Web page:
More shipments are going to Asia than has been seen in the past. "What popped up on my radar is we sent it to China, we sent it to Japan and we sent to Korea in November," Kloza said, adding refined products are typically sent to Latin America. "It's the first time I saw that much going to Asia."

The national average price for a gallon of unleaded gasoline was $3.31 at the pump Wednesday, according to AAA.

Gasoline futures, meanwhile, were higher Wednesday after a Department of Energy data report showed a much greater-than-expected drop in fuel stocks. Gasoline stocks were off by 1.9 million barrels, well above the 100,000 expected. Futures were at $2.76 per gallon in afternoon trading, a gain of 0.6 percent.

But WTI crude came off its highs after Energy Information Administration data showed a larger-than-expected build in stockpiles. WTI reached a high of $101.38 per barrel early Wednesday, its highest level since October.

Brent, the international benchmark, was also higher, driven Wednesday by reports that Chinese demand surged 11.9 percent to record levels of 6.63 million barrels per day in January. OPEC also raised its expectations for 2014 demand growth by 50,000 barrels a day—now a gain of 1.1 million barrels to 90.98 million barrels a day.

While the gains in Chinese imports could be short-lived, the report added to positive sentiment.

Gene McGillian, analyst with Tradition Energy, also expects WTI to reverse direction, but not yet.

"I think right now we are headed higher still," he said, adding the only thing that would derail it is a surprise economic report or action by the Fed. "The market is going to edge higher. I don't think we have a rally in the making, especially with the maintenance programs starting up, but we could probably tack on with momentum, another $3 to $5 to this latest move."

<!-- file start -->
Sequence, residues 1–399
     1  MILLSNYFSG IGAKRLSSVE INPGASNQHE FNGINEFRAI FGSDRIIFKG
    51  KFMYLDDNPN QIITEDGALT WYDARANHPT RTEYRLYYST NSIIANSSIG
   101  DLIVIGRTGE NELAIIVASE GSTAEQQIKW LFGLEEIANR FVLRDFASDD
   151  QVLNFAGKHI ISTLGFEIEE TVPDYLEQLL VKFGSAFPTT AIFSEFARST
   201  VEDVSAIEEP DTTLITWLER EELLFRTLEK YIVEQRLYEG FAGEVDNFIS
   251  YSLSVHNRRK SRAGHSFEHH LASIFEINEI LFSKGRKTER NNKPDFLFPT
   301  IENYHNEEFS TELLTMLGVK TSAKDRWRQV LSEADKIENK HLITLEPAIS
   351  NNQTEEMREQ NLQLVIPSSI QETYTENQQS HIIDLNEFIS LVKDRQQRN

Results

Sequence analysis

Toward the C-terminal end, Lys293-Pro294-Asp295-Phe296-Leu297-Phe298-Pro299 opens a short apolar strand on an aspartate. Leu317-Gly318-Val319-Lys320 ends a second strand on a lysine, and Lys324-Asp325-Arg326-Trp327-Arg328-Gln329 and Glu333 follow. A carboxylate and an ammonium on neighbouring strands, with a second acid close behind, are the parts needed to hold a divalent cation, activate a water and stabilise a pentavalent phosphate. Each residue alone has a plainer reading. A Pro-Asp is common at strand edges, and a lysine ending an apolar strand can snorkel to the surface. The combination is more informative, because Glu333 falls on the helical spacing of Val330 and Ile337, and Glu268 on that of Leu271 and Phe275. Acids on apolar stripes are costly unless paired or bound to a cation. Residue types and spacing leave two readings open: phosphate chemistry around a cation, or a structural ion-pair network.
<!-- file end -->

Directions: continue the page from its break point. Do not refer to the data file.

He said new speculative longs came into the market at $97 to $100. "There is a perception the economy is continuing to improve, maybe the economy is on a stronger footing," he said.

The refinery maintenance programs reduce the demand for WTI and that should lead to lower prices, and the release of more crude from the hub in Cushing, Okla., via the new Keystone pipeline should also make more oil available, and weigh on prices.

—By CNBC's Patti Domm. Follow her on Twitter @pattidomm.

  • Patti Domm

    Patti Domm is CNBC Executive Editor, News, responsible for news coverage of the markets and economy.

  • A CNBC reporter since 1990, Bob Pisani covers Wall Street from the floor of the New York Stock Exchange.

  • CNBC's Senior Personal Finance Correspondent

  • JeeYeon Park is a writer for CNBC.com. Follow her on Twitter: @JeeYeonParkCNBC

  • Rick Santelli joined CNBC Business News as an on-air editor in 1999, reporting live from the floor of the Chicago Board of Trade.

  • Senior Producer at CNBC's Breaking News Desk.